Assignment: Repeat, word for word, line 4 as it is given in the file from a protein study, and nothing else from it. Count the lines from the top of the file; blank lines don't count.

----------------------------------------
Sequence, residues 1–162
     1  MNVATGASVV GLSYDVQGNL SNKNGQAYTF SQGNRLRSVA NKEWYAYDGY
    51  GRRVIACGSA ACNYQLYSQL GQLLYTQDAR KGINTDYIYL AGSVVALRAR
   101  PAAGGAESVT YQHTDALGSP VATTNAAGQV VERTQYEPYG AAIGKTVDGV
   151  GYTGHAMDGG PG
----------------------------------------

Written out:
   101  PAAGGAESVT YQHTDALGSP VATTNAAGQV VERTQYEPYG AAIGKTVDGV